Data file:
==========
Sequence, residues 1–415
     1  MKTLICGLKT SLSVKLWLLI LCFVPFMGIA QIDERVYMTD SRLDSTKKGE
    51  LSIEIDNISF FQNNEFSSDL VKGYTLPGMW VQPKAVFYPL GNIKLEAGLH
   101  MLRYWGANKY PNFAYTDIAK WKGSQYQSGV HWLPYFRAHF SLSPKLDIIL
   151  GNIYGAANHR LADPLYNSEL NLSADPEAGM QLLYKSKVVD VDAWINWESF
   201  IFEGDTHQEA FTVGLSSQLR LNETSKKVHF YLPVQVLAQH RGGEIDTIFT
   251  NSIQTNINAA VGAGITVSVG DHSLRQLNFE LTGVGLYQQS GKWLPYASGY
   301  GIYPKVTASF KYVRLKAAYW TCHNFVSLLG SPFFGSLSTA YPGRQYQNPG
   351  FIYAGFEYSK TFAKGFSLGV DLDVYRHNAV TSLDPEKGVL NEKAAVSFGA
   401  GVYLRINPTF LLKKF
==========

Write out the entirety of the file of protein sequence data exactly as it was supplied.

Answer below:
Sequence, residues 1–415
     1  MKTLICGLKT SLSVKLWLLI LCFVPFMGIA QIDERVYMTD SRLDSTKKGE
    51  LSIEIDNISF FQNNEFSSDL VKGYTLPGMW VQPKAVFYPL GNIKLEAGLH
   101  MLRYWGANKY PNFAYTDIAK WKGSQYQSGV HWLPYFRAHF SLSPKLDIIL
   151  GNIYGAANHR LADPLYNSEL NLSADPEAGM QLLYKSKVVD VDAWINWESF
   201  IFEGDTHQEA FTVGLSSQLR LNETSKKVHF YLPVQVLAQH RGGEIDTIFT
   251  NSIQTNINAA VGAGITVSVG DHSLRQLNFE LTGVGLYQQS GKWLPYASGY
   301  GIYPKVTASF KYVRLKAAYW TCHNFVSLLG SPFFGSLSTA YPGRQYQNPG
   351  FIYAGFEYSK TFAKGFSLGV DLDVYRHNAV TSLDPEKGVL NEKAAVSFGA
   401  GVYLRINPTF LLKKF